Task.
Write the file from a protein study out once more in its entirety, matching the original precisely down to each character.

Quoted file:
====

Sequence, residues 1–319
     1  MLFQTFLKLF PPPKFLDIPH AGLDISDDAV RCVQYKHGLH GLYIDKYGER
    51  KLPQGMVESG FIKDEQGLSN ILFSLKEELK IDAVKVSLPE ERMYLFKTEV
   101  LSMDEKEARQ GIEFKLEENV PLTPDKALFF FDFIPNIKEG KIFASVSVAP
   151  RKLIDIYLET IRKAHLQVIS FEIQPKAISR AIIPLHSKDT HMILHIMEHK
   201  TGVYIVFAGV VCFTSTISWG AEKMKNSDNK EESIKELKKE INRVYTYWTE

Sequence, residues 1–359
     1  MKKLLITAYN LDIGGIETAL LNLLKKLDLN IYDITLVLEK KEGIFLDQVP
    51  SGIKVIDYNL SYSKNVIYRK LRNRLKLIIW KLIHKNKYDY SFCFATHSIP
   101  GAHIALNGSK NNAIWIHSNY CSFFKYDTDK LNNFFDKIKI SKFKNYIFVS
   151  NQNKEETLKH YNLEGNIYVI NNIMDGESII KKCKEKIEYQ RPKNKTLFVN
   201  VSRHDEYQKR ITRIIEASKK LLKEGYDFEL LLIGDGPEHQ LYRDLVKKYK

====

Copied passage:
Sequence, residues 1–319
     1  MLFQTFLKLF PPPKFLDIPH AGLDISDDAV RCVQYKHGLH GLYIDKYGER
    51  KLPQGMVESG FIKDEQGLSN ILFSLKEELK IDAVKVSLPE ERMYLFKTEV
   101  LSMDEKEARQ GIEFKLEENV PLTPDKALFF FDFIPNIKEG KIFASVSVAP
   151  RKLIDIYLET IRKAHLQVIS FEIQPKAISR AIIPLHSKDT HMILHIMEHK
   201  TGVYIVFAGV VCFTSTISWG AEKMKNSDNK EESIKELKKE INRVYTYWTE

Sequence, residues 1–359
     1  MKKLLITAYN LDIGGIETAL LNLLKKLDLN IYDITLVLEK KEGIFLDQVP
    51  SGIKVIDYNL SYSKNVIYRK LRNRLKLIIW KLIHKNKYDY SFCFATHSIP
   101  GAHIALNGSK NNAIWIHSNY CSFFKYDTDK LNNFFDKIKI SKFKNYIFVS
   151  NQNKEETLKH YNLEGNIYVI NNIMDGESII KKCKEKIEYQ RPKNKTLFVN
   201  VSRHDEYQKR ITRIIEASKK LLKEGYDFEL LLIGDGPEHQ LYRDLVKKYK